chapter1 introduction. analytical chemistry deals with methods for determining the chemical...
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Analytical Chemistry deals with methods for determining the chemical composition of samples.
• Qualitative Analysis (identification) provides information about the identity of species or functional groups in the sample (an analyte can be identified).
• Quantitative Analysis provides numerical information of analyte (quantitate the exact amount or concentration).
1A CLASSIFICATION OF ANALYTICAL METHODS
•1A-1 Classical Methods: Wet chemical methods such as precipitation, extraction, distillation, boiling or melting points, gravimetric and titrimetric measurements.
•1A-2 Instrumental Methods: Analytical measurements (conductivity, electrode potential, light absorption or emission, mass-to-charge ratio, fluorescence etc.) are made using instrumentation.
1B Types of Instrumental Methods
1. Spectroscopic methods:
a. Atomic spectroscopyb. Molecular spectroscopy
2. Chromatographic methods (separations):
1C Instruments for Analysis
An instrument for chemical analysis converts information
ahout the physical or chemical characteristics ofthe analyte to information that can be
manipulatedand interpreted by a human.
data domains may be broadly classified into
nonelectrical domains and electrical domains.
The measurement process begins and ends in nonelectricaldomains. The physical and chemical information
that is of interest in a particular experimentresides in these data domains. Among these characteristics
arc length, density, chemical composition,intensity of light. pressure, and others listed in the firstcolumn of Table I-I.
The modes of encoding information as electricalquantities can be subdivided into analog domains,
time domains, and the digital domain, as illustrated in theBottom half of the circular map in Figure 1·2.
Diagram of a fluorometer
Information in the analog domain is encoded as the
magnitude of one of the electrical quantities - voltage,
Current, charge, or power.
Analog Signal of phototube
Information is stored in the time domain as the time
relationship of signal fluctuations, rather than in the
amplitudes of the signals.
Time domain signal
Data are encoded in the digital domain in a two-level scheme. The information can be represented by the state of a lightbulb, a light-emitting diode, a toggle switch, or a logic-level signal, to cite but a few examples.The characteristic that these devices share is thateach of them must be in one of only two states. For example,lights and switches may be only ON or OFF and logic-level signals may be only HI or LO.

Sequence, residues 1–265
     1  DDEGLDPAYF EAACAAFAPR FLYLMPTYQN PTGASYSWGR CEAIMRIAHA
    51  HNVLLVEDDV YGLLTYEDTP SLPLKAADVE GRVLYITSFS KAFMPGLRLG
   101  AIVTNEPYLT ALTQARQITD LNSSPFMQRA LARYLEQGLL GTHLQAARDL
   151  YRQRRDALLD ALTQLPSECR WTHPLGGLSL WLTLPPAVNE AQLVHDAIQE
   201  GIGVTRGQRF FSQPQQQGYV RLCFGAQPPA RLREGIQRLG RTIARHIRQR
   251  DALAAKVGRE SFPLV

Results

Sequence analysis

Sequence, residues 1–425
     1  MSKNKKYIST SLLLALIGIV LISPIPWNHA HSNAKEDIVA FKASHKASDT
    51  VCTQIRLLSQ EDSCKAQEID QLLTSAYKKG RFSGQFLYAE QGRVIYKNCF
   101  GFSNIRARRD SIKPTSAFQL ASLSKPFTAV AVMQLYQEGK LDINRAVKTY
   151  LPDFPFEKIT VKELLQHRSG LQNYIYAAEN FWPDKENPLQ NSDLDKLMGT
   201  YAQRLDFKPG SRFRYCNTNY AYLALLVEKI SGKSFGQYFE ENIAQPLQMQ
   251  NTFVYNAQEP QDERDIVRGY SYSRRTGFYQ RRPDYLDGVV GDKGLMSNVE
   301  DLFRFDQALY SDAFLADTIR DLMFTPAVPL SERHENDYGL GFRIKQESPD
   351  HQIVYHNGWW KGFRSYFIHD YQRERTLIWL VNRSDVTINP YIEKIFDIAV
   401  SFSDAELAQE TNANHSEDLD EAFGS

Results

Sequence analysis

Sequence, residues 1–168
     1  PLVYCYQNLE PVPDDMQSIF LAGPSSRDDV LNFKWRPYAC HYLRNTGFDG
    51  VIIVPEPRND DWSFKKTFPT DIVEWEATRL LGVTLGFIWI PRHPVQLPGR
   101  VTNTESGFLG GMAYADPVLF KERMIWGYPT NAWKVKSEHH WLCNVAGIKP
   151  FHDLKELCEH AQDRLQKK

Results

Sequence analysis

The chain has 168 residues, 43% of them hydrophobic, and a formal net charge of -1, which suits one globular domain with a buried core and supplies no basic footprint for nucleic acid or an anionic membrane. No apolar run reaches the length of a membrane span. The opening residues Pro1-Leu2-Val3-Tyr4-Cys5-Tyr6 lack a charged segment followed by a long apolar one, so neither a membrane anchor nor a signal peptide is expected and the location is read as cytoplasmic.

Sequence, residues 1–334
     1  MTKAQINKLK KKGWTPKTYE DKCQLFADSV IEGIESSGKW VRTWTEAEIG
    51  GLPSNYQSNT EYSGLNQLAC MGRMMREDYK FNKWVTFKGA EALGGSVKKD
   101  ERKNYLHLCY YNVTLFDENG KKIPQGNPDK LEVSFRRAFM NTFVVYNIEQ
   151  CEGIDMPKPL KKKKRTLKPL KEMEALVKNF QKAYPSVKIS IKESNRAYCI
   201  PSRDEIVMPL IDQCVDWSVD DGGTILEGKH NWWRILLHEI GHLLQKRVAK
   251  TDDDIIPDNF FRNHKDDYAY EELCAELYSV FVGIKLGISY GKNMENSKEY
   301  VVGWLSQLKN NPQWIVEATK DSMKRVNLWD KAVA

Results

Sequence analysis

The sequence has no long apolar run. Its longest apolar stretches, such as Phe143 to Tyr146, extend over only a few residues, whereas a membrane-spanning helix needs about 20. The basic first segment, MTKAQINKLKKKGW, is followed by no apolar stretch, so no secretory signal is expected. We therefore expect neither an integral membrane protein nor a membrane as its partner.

Diagram for digital data
1. What accuracy is required?2. How much sample is available?3. What is the concentration range of the analyte?4. What components of the sample might causeInterference?5. What are the physical and chemical properties ofthe sample matrix?6. How many samples are to be analyzed?
1D-2 Performance Characteristicsof Instruments
Table 1-3 lists quantitative instrument performancecriteria that can be used to decide whether a given
instrumentalmethod is suitable for attacking an analyticalproblem. These characteristics are expressed in numerical
terms that are called figures of merit. Figures ofmerit permit us to narrow the choice of instruments fora given analytical problem to a relatively few. Selectionamong these few can then be based on the qualitativeperformance criteria listed in Table 1-4
Figures of Merit
Precision Bias Sensitivity Detection limit Concentration range (Dynamic range) Selectivity
Precision:How close the same measurements are to one
another. The degree of mutual agreement among data that have been obtained in the same way. Precision provides a measure of the random or indeterminate error of an analysis.
Figures of merit[or precision include absolute standard deviation, relative standard deviation, standard error of the mean,
coefficient of variation, and variance.
Bias:Bias provides a measure of the systematic, or determinate error of an analytical method.bias = - xt, where, is the population mean and
xt is the true value
Sensitivity:Sensitivity of an instrument is a measure of its ability to
discriminate between small differences in analyte concentration. The change in signal per unit change in analyte concentration. The slope of the calibration curve at the concentration of interest is known as calibration sensitivity.S = mc + Sbl
S = measured signal; c= analyte concentration; Sbl = blank signal; m = sensitivity (Slope of line)
Analytical sensitivity () = m/ss
m = slope of the calibration curvess = standard deviation of the measurement
Detection Limit:The most generally accepted qualitative
definition ofdetection limit is that it is the minimum
concentrationor mass of analyte that can be detected at a
known confidence level.
Detection Limit (Limit of detection, LOD): The minimum concentration of analyte that can be detected with a specific method at a known confidence level.LOD is determined by S/N, where, S/N = Signal-to-noise ratio = (magnitude of the signal)/(magnitude of the noise)
Noise: Unwanted baseline fluctuations in the absence of analyte signal (standard deviation of the background)
The detection limit is given by,Cm = (Sm – Sbl)/m, where, Cm = minimum concentration i.e., LOD, Sm = minimum distinguishable analytical signal (i.e., S/N = 2 or S/N = 3), Sbl = mean blank signal